Want to watch Gerard Butler crash-land a plane and battle crazed guerrillas?

Gerard Butler takes to the jungle in Plane - Kenneth Rexach
Gerard Butler takes to the jungle in Plane - Kenneth Rexach

All hail Gerard Butler’s latest shovel-brained frolic: Plane by name and extremely plain by nature. No teasing postmodern flavours of pastiche, self-referentiality or archness here, oh no. Instead, the gruff Scottish action star has returned with the most unapologetically basic hour and three quarters of entertainment in recent history – the cinematic equivalent of chicken in a basket.

There’s lots to enjoy in this aviation disaster thriller slash tropical shoot-em-up, with its uproariously blunt title high on the list. Butler has spent much of the press tour for Plane talking up the thing's blistering nomenclative efficiency, comparing it to the great Hollywood one-word sales pitches like Alien, Commando and Speed. But there’s simplicity and then there’s full-on caveman speak, and frankly ‘Plane’ feels less like a feat of minimalist marketing than just something the film expects its audience to grunt while pointing at the screen.

Your mileage may vary, but in my case it came close to achieving this, while eliciting an impressive number of involuntary oofs and puffs. Butler plays Brodie Torrance, a former RAF man turned pilot at Trailblazer Airlines, whose New Year’s Eve flight from Singapore to Tokyo goes about as wrong as it conceivably could.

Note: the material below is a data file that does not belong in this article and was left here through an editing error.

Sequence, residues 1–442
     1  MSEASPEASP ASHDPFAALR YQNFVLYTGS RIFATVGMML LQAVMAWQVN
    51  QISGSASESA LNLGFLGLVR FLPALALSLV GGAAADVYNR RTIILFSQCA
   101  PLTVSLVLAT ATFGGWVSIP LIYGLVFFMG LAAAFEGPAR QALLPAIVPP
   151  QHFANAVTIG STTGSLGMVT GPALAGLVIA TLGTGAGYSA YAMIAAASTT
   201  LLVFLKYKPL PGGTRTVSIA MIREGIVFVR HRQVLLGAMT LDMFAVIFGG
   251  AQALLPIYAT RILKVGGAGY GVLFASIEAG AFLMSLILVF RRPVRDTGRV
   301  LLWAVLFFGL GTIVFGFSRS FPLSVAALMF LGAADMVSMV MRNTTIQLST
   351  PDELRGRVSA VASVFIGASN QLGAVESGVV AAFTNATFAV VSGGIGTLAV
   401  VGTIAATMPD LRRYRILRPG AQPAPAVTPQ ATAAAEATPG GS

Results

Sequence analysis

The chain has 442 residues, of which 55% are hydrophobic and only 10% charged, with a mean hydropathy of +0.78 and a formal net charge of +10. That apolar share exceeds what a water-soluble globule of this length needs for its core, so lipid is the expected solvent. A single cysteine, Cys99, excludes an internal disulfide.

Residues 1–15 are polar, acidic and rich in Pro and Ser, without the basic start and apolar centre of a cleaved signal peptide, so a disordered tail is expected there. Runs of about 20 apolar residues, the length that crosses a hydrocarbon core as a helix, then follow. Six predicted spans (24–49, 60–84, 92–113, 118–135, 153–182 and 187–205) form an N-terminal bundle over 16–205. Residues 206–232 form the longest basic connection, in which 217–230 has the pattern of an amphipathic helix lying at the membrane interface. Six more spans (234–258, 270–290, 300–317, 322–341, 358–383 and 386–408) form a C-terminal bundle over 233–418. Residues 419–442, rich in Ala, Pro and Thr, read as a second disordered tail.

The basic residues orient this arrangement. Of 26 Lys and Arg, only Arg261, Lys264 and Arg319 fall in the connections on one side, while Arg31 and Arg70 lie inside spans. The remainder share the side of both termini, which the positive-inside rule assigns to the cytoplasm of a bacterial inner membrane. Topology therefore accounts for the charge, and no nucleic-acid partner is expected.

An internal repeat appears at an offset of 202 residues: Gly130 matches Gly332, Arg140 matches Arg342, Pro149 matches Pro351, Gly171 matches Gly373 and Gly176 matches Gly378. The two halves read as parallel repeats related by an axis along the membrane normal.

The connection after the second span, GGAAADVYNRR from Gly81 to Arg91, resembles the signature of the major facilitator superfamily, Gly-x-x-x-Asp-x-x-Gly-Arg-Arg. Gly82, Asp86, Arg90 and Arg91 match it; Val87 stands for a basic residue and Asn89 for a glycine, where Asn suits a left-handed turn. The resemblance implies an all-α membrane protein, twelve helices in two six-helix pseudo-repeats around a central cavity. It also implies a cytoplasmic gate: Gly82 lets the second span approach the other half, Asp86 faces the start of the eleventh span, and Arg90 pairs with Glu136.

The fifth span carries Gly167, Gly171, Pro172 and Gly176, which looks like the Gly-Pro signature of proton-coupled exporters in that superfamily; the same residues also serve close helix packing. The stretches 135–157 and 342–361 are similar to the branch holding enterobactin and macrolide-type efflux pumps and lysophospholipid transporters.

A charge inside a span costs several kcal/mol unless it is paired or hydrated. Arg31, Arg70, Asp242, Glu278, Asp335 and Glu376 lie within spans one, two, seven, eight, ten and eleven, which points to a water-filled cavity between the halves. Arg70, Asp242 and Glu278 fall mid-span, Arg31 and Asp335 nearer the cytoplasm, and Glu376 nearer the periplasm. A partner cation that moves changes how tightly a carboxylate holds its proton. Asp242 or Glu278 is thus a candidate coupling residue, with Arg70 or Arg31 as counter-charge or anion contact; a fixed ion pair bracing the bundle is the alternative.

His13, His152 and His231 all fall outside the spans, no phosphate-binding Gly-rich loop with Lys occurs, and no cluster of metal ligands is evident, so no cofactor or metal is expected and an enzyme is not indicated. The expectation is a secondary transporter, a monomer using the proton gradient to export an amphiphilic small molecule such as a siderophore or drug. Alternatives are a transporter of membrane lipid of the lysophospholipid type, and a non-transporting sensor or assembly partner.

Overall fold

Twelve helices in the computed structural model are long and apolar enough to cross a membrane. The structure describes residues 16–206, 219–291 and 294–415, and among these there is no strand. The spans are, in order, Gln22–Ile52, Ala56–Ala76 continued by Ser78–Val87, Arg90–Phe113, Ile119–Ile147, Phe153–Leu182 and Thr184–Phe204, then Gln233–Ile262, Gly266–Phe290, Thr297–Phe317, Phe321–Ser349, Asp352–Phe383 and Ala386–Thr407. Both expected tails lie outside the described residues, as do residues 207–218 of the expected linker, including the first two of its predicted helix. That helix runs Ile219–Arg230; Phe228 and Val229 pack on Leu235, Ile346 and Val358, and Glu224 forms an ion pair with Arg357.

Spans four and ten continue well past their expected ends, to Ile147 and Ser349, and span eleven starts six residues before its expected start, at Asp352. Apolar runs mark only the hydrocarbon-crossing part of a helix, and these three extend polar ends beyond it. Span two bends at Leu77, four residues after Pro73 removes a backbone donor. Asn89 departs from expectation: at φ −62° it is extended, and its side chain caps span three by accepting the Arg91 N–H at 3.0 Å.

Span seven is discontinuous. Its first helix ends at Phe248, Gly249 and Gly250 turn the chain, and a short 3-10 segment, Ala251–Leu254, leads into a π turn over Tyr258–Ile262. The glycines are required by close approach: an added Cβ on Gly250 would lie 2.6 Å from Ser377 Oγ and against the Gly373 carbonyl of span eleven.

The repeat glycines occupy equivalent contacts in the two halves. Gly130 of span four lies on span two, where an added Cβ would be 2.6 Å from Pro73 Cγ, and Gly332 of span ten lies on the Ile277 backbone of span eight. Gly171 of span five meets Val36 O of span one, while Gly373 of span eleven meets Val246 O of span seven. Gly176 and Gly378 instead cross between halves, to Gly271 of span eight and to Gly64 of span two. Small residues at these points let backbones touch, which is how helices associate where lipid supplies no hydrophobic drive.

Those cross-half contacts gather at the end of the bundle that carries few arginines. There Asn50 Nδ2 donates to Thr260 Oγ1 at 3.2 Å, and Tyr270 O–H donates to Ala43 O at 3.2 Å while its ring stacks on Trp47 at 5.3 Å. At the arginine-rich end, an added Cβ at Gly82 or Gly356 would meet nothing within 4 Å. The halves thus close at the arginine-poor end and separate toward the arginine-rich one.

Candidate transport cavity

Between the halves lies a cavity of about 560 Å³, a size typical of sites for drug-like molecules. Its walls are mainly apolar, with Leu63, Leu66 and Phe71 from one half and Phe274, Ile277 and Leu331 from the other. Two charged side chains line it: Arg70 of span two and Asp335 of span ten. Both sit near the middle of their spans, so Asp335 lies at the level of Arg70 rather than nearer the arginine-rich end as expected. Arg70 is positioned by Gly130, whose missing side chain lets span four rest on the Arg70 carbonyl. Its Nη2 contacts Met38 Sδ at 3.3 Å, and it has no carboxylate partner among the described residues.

After a jobsworth instructs Brodie to fly directly through a storm to save on fuel, his aircraft is struck by lightning and crashes in the southern Philippines, where his passengers are promptly abducted by gun-crazed guerrillas. With help from Mike Colter’s Louis Gaspare, a beefy veteran of the French Foreign Legion who was being extradited on a homicide charge, it naturally falls to Brodie to retrieve them.

Director Jean-François Richet gets on admirably with the task at hand: disaster ensues mere minutes after our hero promises his teenage daughter via FaceTime that he’ll be home in time for haggis, neeps and tatties. (Brodie’s improbable Paisley via Los Angeles accent will be familiar to Butler enthusiasts.)

The crash itself is excitingly staged, with the scene unfolding almost entirely within the plane’s cockpit and cabin, giving it a rough-and-tumble quality enhanced by the general lack of obvious CG. In fact, one single-take fist fight aside, Plane plays things resolutely old school, from the electronic score zee-yowing away in the background to the script’s pub quiz sprinklings of pilot jargon (aircraft over water are said to have their “feet wet”, for instance), and above all the cartoonish brutality of its violent set-pieces.

Villains are dispatched with sledgehammers and knives, and later with a gun so powerful its victims look like Donald Duck being yanked off stage by a vaudeville hook. In the end, the silliest escape plan imaginable turns out to be the one Butler plumps for, and it plays out at such a clip the credits are rolling before he even gets his haggis.

15 cert, 107 mins. In cinemas from Friday